The next film I watched on the Time Out Best 100 Horror List, was the 1955 French film noir Les Diaboliques.
An evil headmaster’s wife and mistress conspire to kill him, but the plan goes awry when his body disappears.
My knowledge of films from the fourties & fifties is rather limited, so perhaps the best thing about the Time Out London list is that I’m ingesting a lot of these old silver screen classics. The minimalist nature of these films is reacquainting me with the fundamentals of filmmaking. That is not to say that similar minded films do not still exist today, but the type of storytelling utilized in this film is certainly no longer commonplace.
Les Diaboliques - or Diabolique as it known domestically - is a wonderfully crafted thriller. I can understand why Alfred Hitchcock pursued the rights to this story – director Henri-Georges Clouzot apparently beat him out by mere hours – because it falls right into his oeuvre. It is a film that is almost entirely dialogue driven and the three main characters are simplistic, yet wholly engaging. Michel Delasalle (Paul Meurisse) is instantly unlikable and you immediately believe that the two women, who by all accounts should be bitter enemies, would conspire to off him. By herself, the frail and sheepish Christina (Véra Clouzot) would’ve never acted on her impulses, but combined with Nicole’s (Simone Signoret) cool and calculating nature, they become a deadly pair.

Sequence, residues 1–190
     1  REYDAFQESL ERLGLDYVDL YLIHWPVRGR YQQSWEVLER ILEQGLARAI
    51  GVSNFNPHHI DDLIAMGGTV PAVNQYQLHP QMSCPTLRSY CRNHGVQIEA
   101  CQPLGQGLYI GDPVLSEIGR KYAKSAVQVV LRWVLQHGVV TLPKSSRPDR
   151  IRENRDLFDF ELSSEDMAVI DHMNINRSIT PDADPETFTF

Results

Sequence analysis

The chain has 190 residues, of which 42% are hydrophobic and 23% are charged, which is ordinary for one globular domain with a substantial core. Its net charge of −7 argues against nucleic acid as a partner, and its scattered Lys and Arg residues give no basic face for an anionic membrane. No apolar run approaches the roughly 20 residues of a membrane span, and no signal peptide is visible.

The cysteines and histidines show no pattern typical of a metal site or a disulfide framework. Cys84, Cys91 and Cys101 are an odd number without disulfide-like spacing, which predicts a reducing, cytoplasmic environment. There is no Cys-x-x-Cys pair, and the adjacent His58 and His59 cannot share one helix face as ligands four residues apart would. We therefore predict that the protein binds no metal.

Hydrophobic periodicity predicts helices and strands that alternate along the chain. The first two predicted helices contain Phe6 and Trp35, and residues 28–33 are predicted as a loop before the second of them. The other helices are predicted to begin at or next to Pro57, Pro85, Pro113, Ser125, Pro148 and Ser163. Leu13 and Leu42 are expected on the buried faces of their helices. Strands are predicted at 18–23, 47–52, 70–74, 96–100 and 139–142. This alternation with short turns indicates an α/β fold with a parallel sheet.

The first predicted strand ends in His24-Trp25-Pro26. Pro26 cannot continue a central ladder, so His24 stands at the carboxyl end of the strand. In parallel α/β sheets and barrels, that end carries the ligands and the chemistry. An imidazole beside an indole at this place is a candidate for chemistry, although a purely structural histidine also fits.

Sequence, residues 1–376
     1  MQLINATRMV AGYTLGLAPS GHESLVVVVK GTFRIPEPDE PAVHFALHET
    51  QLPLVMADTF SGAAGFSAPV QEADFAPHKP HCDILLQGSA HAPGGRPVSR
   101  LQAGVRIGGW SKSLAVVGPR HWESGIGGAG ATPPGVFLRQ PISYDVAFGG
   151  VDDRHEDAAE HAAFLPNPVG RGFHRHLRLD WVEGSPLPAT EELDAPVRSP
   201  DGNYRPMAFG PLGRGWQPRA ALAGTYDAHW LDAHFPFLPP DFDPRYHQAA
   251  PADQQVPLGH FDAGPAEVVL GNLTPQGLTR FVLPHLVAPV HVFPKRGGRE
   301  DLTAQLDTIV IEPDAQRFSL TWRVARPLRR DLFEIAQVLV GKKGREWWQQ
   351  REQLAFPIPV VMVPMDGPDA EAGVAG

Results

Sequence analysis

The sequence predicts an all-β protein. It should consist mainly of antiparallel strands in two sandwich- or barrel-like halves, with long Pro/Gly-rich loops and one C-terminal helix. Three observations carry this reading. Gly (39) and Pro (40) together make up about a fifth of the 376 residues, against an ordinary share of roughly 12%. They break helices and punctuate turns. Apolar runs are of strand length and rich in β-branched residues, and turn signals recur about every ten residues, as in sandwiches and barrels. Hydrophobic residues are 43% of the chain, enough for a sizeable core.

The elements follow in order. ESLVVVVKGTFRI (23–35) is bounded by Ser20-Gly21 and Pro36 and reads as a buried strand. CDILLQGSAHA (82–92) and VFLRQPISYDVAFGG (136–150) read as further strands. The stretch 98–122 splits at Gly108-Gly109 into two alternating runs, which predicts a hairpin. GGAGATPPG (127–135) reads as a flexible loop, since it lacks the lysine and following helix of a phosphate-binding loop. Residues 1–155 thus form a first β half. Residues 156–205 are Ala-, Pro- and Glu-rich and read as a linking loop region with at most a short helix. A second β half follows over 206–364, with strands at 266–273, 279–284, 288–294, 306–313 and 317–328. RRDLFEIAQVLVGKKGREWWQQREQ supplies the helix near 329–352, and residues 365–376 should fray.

|Véra Clouzot (left) & Simone Signoret in Diabolique.|
In addition to the narrative, I thought the film was visually impressive, as well. The use of shadow, especially in the last act was highly effective and that shot in the bathroom during the climax was one for the ages.
I am sad that I spoiled the ending for myself by seeing the 1996 remake when it came out in theatres. That was during the tail end of my obsession with Sharon Stone, so that’s all I have as an excuse. I love the closing title card of Diabolique imploring the viewers to keep the ending to themselves
|Translation: Don't be a dick and spoil the movie.|
Now, as I said, I haven’t seen a lot of films from this era, but this one seemed very risqué. Seeing Clouzot walk around in a very thin nightgown, coupled with themes of domestic abuse and implied statutory rape were not things I was expecting. I am aware that the whole essence of film noir was a backlash toward the popular sugarcoated fare of the day, but I was still taken a little aback.
Diabolique is another check mark in the win column for the Time Out List. What's next on the roster? Well, I do believe it will be Robert Wise’s 1963 flick The Haunting.